Americans are in love with dogs. The current runaway success of John Grogans Marley and Me demonstrates how much Americans love anything dog-related.
Unfortunately, many abandoned dogs and other pets languish in animal shelters, waiting for an owner who may not ever come for them. In fact, there are literally millions of animals who need homes. People sometimes forget about these animals and how much they can add to our lives.
Reiji Kanemotos life changed forever when he brought home Rufus, an elderly golden retriever that was abandoned by its owners. A professional photographer for more than 20 years, Kanemoto quickly realized that Rufus could provide him with a unique point of view from a dogs perspective. Rufus became a Dog Photographer by allowing Kanemoto to harness a real camera to his body.
The idea was a simple one, said Kanemoto. Put a camera around my dogs neck and start shooting pictures from his point of view. It was a lot of fun and really opened my eyes as a photographer. It also turned into a journey of companionship and unforgettable memories that I will always carry with me.
The result is a unique book of photographs, taken from Rufus point of view, as he and Kanemoto snapped pictures of anything of interest all over Los Angeles. The book, My Name is Rufus, I Am a Photographer: A Dogs True Story (StudioTanimoto, 2006), is unlike anything else on the market today, mostly because the dog himself took the photographs.
The book tells Rufus story in pictures, and is at turns funny, fascinating, touching and hopelessly charming. Providing a rare view of the world from a dogs perspective, the book chronicles trips to dog shows, dog parks, dog beaches and even a pet café. You also get to see how other dogs reacted to Rufus camera, and you even get a sense of his predilection for the ladies.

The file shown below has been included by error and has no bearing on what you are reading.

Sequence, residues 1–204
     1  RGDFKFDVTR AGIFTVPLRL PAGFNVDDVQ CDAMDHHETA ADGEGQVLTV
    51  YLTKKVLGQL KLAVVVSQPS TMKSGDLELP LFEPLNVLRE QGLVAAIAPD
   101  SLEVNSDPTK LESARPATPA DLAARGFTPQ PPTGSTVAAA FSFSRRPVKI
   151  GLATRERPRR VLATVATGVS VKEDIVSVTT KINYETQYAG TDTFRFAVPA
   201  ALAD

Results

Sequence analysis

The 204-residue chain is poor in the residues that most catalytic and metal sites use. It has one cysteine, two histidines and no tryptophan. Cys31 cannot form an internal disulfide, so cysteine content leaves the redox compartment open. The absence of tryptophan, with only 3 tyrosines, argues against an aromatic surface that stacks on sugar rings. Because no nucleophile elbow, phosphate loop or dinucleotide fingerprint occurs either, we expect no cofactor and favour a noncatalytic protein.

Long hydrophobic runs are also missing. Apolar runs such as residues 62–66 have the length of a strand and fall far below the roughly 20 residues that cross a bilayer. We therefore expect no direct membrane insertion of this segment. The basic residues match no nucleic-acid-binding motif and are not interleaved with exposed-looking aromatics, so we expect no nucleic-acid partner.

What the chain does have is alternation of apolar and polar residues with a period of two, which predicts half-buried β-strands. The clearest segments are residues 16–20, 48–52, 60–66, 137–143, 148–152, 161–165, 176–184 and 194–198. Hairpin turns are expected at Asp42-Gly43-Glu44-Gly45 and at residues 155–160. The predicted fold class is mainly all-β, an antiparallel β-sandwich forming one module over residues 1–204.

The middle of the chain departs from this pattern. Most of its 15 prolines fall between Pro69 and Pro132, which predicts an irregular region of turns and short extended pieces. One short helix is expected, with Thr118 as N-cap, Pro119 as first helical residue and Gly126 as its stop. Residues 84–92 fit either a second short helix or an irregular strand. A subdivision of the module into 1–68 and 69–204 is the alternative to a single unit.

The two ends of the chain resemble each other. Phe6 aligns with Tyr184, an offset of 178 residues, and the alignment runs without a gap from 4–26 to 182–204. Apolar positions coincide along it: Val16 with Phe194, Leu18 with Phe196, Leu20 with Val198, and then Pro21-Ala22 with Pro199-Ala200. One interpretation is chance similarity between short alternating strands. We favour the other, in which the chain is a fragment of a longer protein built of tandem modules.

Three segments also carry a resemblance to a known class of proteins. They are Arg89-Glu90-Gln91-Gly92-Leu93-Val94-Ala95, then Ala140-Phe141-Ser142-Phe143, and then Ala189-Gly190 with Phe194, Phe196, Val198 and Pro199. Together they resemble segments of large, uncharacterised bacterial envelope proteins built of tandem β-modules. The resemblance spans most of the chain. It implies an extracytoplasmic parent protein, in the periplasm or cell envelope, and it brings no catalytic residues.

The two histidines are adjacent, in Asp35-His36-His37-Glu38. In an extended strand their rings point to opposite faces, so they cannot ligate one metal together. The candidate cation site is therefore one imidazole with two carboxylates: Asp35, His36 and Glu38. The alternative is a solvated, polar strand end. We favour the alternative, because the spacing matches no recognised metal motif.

Rufus was a ladies dog, said Kanemoto. Whenever we went for walks, he would always greet the girls passing by, and they would make a fuss over him. I think he knew he was a good-looking dog.
The book serves as Kanemotos tribute to his beloved dog and also as a photo journal of the unbreakable bond between the photographer and his dog. While the photos are taken in the spirit of fun, the story also has a serious underlying theme between the lines.
His experience with Rufus profoundly affected Kanemotos life and his outlook on the many abandoned dogs living in shelters all over the country.
The one thing he taught me was kindness, said Kanemoto. He made me realize there are so many abandoned pets like him, living in kennels waiting for their guardians to come back.
As a result of his inseparable relationship with Rufus, Kanemoto has dedicated himself to try to help stray and abandoned pets.
Some of these pets find new people to care for them, but most dont, said Kanemoto. I hope to continue adopting these animals, and try to find others who can as well.
Because of his love and appreciation for Rufus, Kanemoto will be donating a portion of the book sales to the Golden Retriever Foundation, which fosters the rescue, rehabilitation and placement of displaced golden retrievers.
After five wonderful years with Kanemoto, Rufus unfortunately passed away due to natural causes. Kanemoto has adopted Murphy, a stray dog that is part black Labrador and part Great Dane. It is his hope that Murphy will someday be able to carry on Rufus work.
From the April 19-25, 2006, issue